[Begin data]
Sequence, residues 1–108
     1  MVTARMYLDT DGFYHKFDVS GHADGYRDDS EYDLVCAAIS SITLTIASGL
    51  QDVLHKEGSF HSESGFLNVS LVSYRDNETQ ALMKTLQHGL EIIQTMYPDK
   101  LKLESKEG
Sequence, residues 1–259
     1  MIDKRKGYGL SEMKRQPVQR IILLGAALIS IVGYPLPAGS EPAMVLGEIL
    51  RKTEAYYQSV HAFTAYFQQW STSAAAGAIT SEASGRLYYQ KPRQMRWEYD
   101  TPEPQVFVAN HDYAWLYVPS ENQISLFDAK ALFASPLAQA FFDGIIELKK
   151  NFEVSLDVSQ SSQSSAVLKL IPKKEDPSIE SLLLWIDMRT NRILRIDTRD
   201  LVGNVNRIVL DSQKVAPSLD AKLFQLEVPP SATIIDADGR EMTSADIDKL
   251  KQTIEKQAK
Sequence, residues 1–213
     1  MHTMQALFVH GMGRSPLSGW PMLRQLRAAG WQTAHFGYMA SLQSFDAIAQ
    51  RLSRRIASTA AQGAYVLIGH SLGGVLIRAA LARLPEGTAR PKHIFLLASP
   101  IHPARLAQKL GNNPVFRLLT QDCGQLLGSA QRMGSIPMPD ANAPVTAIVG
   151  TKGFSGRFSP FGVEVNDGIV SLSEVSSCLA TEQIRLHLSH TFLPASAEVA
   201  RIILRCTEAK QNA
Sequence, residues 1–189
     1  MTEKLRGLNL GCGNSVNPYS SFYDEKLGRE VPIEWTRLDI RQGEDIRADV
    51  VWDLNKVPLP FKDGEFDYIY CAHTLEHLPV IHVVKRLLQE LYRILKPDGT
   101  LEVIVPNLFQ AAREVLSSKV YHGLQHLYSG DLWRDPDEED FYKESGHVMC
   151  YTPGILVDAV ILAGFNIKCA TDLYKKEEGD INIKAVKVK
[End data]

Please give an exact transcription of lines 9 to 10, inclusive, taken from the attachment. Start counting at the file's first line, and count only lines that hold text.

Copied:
   151  NFEVSLDVSQ SSQSSAVLKL IPKKEDPSIE SLLLWIDMRT NRILRIDTRD
   201  LVGNVNRIVL DSQKVAPSLD AKLFQLEVPP SATIIDADGR EMTSADIDKL